Updates, 9/15: “Despite The Death of Stalin’s value as entertainment,” writes Richard Porton at the Daily Beast, “it’s valid to wonder what the point of lampooning long-dead Stalinists might actually be. Wouldn’t it perhaps have been more pertinent for Iannucci to have aimed his satirical fire at the gang of misfits currently holding power in the Trump administration? Yet, even if it’s possible to conclude that the movie is something of a thought experiment, an attempt to prove that even the most horrifying politicians can inspire rollicking satirical invective, there’s no denying that there’s little quaint about Iannucci’s project. In contemporary dictatorships such as the dismal regimes of Duterte in the Philippines or Erdogan in Turkey, the same sort of internecine quarrels that fueled political upheavals in the former Soviet Union are insidiously brewing.”

    “Factual inconsistencies aside, The Death of Stalin’s premise is too simple to sustain itself with substantial questions about the nature of authoritarianism,” finds Kelley Dong in the Notebook.

    “With officials and doctors wary of even a dead Stalin, the movie veers into slapstick territory at times, as Iannucci continually takes the spark of a true story and sets it on comic fire,” writes Kaleem Aftab at Cineuropa. “But it’s the ascension of Khrushchev over Beria that is the meat of the story, and sometimes this thread is lost in the busy and frantic world created as characters come in and out and time is given over to a deadly protest letter. In this dance, Iannucci also manages to squeeze in the brutal reality of Stalin’s rule, in what is a dense, delightfully playful encounter between history, laughter and deathbeds.”

    Update, 9/16: “Though Iannucci specializes in insult comedy, that comes off surprisingly weak here,” finds Daniel Schindel at the Film Stage. “But The Death of Stalin makes up for it with some sharp physical antics. . . . This may be Iannucci’s weakest-written film, but it’s by far his best-directed one.”

    Update, 9/19: “This is classic comedy gold,” writes the LA Weekly’s April Wolfe, “in many ways reminiscent of the old Monty Python show sketches skewering politicians, but with a slightly more serious spin; Palin as Molotov seems especially at home. The bonus is that the film looks good, too. This is some serious production design and costuming for a comedy. Stalin may be responsible for twenty million deaths, so it’s welcome that here he’s the butt of a million jokes.”

    Update, 9/24: “The most delightful part comes from Jeffrey Tambor,” writes Bert Rebhandl for frieze, “best known from the TV show Transparent, where he played Maura Pfefferman, a father and husband who comes out as a woman after his kids have (more or less) grown up. The blurring of Maura and Malenkov, as it is inevitable for anybody who has ever seen Tambor in Transparent, echoes the blurring of Niki Krushchev and Nucky Thompson—the character Buscemi played in Boardwalk Empire, a gangster saga which also gives resonance to the cleaning out after Stalin.”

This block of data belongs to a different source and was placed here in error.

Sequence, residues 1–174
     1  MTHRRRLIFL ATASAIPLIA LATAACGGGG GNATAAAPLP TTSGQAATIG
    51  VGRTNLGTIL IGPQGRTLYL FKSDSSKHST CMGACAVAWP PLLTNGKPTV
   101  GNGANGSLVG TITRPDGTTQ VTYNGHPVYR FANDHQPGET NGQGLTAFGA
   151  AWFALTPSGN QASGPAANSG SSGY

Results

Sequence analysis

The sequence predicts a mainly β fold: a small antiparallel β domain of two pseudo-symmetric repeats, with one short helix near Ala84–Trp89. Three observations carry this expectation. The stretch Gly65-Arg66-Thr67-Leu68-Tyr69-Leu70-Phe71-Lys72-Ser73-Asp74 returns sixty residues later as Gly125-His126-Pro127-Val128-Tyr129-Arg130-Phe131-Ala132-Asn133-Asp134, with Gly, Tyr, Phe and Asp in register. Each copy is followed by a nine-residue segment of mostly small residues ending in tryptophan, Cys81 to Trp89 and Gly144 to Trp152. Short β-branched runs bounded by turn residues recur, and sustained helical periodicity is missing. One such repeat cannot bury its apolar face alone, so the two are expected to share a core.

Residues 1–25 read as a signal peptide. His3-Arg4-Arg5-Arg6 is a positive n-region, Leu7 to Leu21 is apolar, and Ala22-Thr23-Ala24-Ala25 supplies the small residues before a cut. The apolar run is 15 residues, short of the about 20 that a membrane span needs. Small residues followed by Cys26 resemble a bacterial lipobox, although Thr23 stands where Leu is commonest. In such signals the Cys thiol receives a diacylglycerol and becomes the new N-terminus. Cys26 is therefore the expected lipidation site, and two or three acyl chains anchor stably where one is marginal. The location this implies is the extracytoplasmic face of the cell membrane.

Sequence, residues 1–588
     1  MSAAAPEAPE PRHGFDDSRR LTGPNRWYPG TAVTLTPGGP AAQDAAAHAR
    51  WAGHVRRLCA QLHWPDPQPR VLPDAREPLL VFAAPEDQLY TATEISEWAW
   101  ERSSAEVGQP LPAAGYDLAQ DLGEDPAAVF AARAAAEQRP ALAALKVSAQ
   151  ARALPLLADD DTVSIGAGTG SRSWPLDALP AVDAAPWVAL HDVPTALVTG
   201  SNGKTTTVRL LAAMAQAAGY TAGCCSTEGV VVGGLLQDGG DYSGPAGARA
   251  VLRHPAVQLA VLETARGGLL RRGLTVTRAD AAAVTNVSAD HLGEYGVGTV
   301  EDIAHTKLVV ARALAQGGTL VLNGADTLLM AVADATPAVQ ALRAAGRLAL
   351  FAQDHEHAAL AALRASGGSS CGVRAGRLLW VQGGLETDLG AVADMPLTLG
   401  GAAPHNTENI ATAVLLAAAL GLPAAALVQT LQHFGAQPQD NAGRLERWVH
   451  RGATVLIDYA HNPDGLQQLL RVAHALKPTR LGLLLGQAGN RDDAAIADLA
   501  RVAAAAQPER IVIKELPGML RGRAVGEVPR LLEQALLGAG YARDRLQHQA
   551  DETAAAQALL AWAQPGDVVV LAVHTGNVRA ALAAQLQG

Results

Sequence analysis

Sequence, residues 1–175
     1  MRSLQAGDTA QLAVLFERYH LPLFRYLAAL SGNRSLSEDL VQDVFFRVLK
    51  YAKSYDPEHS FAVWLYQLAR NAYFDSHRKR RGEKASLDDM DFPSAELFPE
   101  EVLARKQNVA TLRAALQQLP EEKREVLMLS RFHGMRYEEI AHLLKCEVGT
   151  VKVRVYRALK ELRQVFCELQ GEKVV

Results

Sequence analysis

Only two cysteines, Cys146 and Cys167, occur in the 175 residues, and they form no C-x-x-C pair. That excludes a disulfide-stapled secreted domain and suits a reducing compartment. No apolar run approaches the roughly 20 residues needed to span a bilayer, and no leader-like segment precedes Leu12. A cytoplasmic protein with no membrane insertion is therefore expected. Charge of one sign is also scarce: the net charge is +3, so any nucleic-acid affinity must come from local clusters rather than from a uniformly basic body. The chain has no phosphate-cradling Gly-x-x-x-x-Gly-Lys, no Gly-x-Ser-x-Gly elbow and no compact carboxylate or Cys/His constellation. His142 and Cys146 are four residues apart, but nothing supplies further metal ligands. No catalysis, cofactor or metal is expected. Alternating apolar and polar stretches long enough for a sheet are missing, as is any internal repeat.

Updates, 10/22: “Iannucci and Soviet Russia: on paper, it’s a match made in heaven—both an opportunity to capitalize on anti-Russia sentiment and a chance to jab one of history’s most notorious autocrats in the ribs at a time when dictatorial, power-drunk figures are actually in power,” writes Simran Hans in the Observer. “A shame, then, that it doesn’t jab hard enough.”

    Writing for the Guardian, Richard Overy argues that the film is “littered with historical errors, the result of trying to make a black comedy out of rather unpromising material. Some of the errors matter.”

    On a bonus episode of the Film Comment Podcast (20’28”), Violet Lucca talks with Iannucci.

    Update, 10/23: “Armando Iannucci just described me as being the opposite of an asshole,” laughs Steve Buscemi, talking to Emma Robertson at The Talks. “And I would say the same about him! I’ve worked with some directors where it’s just not as much fun, but you still do what you have to do. I think the more you trust your director, the more you’re willing to put yourself out there and take more risks and not be afraid. In The Death of Stalin, for example, it got a little intimidating playing a character who was a real person. I had to work on forgetting who he was in history and just trying to play his intentions as they seemed in the script. I don’t really think about emotions, it’s more about behavior and reactions and that really depends on the director and the writers and the other actors.”

    Update, 10/24: José Arroyo and Michael Glass discuss the film on Eavesdropping at the Movies (26’21”).